“Moist” – #SoCS

The prompt for Stream of Consciousness Saturday (SoCS) is “least-favorite word.”

This prompt didn’t really prompt much, so I put “the one” everyone always mentions in my title (it tops every poll for some reason) and will move on from there.

Moist is for cake. Only. Ever.


I’m feeling a bit silly, a bit awash, a bit nostalgic, a bit of a lot of bits. I’m glad it’s a Saturday and I can gather my bits, which is what I will do once I finish writing, which is, of course, one of my bits.

But not JUST one of my bits – writing is a must-bite bit for me. When I don’t wake in time to sit and put thoughts to paper (pixels), the rest of my day is inevitably wonky, and not in the Elizabeth Warren “policy wonk” way.

Speaking of which, what a strange noun/adjective combo… A “wonk” is “a person who takes an enthusiastic or excessive interest in the specialized details of a particular subject or field, especially political policy” and “wonky” is “unstable, defective, unreliable, or wobbly”.

That doesn’t really make much sense, now does it? Yet another reason I love and hate our language so much. And, because I am an English language “wonk”, when I’m done streaming my consciousness all over the place here, I’ll go origin hunting for the apparent disconnect between “wonk” and “wonky”.

Yes, I own an etymological dictionary.


Anywho – if I don’t word-wonk in the morning, the rest of day goes wonky, yet somehow I don’t become “wonkish”.

So I’m learning the things that I need to do regularly in order to avoid having overly wonky days. Why, oh why, don’t I do them religiously (because you can bet your bottom dollar if I am feeling “off” it’s because I’ve strayed from the things I know will keep me centered and grounded)?

Silly, really. But there it is.

There was a time (a brief time, but a wonderful time nonetheless), when I woke at 5:15 AM without an alarm, fresh and ready for the day. That gave me plenty of time to myself, in a quiet house, to think, read, write, and be ready to take on whatever kind of crazy the world had to throw at me that day.

Now, my alarm goes off at 5:30. And many days I snooze it.

And snooze it.

Then turn it off and wait for the 6:30 alarm to go off.

And lie there until I HAVE to get up at 7:00. I still make sure I write, because, you know… #wonkproud, but let’s be honest, you’ve read some of that writing… it’s not good.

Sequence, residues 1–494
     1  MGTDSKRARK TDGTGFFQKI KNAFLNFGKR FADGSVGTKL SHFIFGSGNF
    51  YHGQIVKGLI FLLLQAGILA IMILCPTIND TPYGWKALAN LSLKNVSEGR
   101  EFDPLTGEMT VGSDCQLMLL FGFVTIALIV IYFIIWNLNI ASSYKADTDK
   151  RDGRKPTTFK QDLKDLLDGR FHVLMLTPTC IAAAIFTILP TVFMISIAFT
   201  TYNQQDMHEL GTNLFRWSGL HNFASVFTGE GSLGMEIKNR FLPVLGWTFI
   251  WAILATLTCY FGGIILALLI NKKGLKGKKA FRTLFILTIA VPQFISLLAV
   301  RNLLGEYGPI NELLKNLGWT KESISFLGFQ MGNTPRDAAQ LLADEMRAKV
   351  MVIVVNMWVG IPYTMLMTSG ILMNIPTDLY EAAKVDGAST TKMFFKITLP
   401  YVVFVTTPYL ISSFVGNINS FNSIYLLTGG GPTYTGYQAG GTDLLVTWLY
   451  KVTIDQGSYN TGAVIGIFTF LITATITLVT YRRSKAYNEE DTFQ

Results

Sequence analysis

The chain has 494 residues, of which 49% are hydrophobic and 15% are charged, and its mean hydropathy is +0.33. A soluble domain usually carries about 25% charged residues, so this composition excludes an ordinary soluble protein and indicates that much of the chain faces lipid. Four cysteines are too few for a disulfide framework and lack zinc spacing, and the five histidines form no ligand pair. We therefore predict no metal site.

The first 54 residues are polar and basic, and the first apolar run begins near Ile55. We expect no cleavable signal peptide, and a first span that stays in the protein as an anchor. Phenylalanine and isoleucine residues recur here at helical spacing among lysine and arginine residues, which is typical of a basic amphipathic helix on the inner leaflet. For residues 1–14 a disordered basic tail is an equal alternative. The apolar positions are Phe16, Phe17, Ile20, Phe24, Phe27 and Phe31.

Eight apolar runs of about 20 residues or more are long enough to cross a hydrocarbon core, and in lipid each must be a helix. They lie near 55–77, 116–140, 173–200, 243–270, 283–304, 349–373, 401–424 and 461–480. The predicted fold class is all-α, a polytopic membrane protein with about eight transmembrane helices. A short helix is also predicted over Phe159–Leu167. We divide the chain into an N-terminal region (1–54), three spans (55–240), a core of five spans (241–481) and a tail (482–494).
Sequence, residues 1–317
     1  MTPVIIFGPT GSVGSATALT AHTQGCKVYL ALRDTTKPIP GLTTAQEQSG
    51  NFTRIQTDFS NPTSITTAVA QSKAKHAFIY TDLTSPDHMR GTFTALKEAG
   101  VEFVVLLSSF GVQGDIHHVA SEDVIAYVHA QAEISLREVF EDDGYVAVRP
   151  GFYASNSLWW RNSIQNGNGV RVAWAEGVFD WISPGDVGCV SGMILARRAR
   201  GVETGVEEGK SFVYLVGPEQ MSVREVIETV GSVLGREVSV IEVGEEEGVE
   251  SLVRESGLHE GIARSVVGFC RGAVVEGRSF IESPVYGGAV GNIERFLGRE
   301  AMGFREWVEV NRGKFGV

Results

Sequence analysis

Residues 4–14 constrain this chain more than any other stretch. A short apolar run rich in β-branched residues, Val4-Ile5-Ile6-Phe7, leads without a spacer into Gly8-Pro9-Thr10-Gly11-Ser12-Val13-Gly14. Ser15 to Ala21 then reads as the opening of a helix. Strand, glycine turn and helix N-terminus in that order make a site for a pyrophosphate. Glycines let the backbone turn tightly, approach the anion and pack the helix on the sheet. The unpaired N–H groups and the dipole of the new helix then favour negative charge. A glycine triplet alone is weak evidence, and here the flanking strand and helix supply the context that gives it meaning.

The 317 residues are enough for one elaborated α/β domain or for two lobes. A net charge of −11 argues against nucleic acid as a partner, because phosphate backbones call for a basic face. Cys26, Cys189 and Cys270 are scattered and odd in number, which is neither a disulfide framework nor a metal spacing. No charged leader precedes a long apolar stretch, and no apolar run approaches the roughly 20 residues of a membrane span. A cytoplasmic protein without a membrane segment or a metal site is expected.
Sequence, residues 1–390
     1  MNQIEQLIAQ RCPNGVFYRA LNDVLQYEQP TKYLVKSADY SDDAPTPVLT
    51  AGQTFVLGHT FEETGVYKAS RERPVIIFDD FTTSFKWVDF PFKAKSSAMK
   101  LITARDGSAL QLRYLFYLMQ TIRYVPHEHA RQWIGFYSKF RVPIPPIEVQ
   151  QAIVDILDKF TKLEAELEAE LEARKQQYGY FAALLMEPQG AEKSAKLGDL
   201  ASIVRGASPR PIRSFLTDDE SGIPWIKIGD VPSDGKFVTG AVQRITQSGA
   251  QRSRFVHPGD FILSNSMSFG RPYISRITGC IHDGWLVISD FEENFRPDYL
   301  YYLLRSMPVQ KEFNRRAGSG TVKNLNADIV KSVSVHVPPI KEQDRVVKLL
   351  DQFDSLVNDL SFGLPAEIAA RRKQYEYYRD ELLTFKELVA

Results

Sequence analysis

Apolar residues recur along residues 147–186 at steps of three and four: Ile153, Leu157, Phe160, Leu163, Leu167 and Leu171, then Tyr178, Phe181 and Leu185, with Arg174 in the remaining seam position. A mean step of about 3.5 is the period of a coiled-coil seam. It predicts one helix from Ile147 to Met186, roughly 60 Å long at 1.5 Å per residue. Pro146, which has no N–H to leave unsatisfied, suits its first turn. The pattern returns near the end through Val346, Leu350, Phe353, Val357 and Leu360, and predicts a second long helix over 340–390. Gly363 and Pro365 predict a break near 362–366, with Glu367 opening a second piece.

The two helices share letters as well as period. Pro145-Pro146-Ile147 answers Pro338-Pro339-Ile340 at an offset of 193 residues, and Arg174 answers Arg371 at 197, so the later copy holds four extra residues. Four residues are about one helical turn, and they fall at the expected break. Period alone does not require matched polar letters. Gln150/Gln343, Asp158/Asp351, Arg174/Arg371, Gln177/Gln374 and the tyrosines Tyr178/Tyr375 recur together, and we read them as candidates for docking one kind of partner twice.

And then what follows… well.

Let’s just say I should be getting up at 5:30, whether I feel like it or not.

Which brings me back to feelings. I’ve got quite a flurry of disparate feelings blowing hither and thither throughout my being right now (#wonkproud).

And I’ve learned I can handle that flurry if I take it slowly, give myself plenty of time to apply the brakes without hitting anyone around me, and turn on the wipers so I can see what’s directly ahead (to stick with the snow metaphor). The snow doesn’t allow me to see FAR ahead, but with prudence, I can still travel, move forward, and reach a destination – eventually.

Let’s stick with the snow thing for a second; I’m liking it.

I can choose to stay home and not travel. Safe, warm, dry (not even a hint of MOISTNESS). A favorite book or movie, my robe and slippers, a blanket, a rich cup of coffee. I look out the window and watch the snow fall. In the northern part of Michigan, where I was raised, 3 to 6 inches of it would accumulate EVERY DAY AND NIGHT from mid-November until mid-March (if we were lucky). Each morning, we had to get up, go out, and shovel the driveway and sidewalks so we could go to work and school. It was generally a light snow and removal was not too difficult a task. BUT, if we let it go a few days, it became a much bigger job. 3 to 6 became 9 to 18, light and fluffy compacted to heavy and dense, requiring a LOT more work than if we had done our daily maintenance. So why not just do the daily maintenance?


But here’s the other thing about northern Michigan. In addition to the daily snow accumulation, the specific area I lived in regularly received MAJOR dumpings of snow. 12, 16, 18, 20+ inches of snow at a time. With wind, drifts of 4 to 6 FEET could (and would) form.

Those events meant WORK no matter what.

Shovels – all of us. Snowblower, plows. Or ain’t nobody going nowhere. In fact, in spite of all the efforts, sometimes we were still snowbound for days. Know what you do then?

Play in it.

(still following the metaphor?)

We’ll get out eventually. We’ll re-snowblow what we snowblowed (snowblew?) yesterday, and we’ll do it again tomorrow, and sooner or later, we’ll get to town. School will reopen. Life will go on.

And some day, maybe months from now, it will be spring.

And we’ll have new things that will require maintenance and upkeep – the deck will need staining, the raft and dock will be put out in the lake, the lawn will need mowing…

Another season.

But what did we choose to do with the winter?

That may make all the difference.

And listen, no matter what you end up doing with the winter, if you go out in the snow – to move it, to haul groceries through it, to build the coolest sledding hill EVER…

Your clothes WILL be moist when you’re done.

#SoCS comes from the website of Linda G. Hill.

Here are the rules:

1. Your post must be stream of consciousness writing, meaning no editing (typos can be fixed), and minimal planning on what you’re going to write.

2. Your post can be as long or as short as you want it to be. One sentence – one thousand words. Fact, fiction, poetry – it doesn’t matter. Just let the words carry you along until you’re ready to stop.


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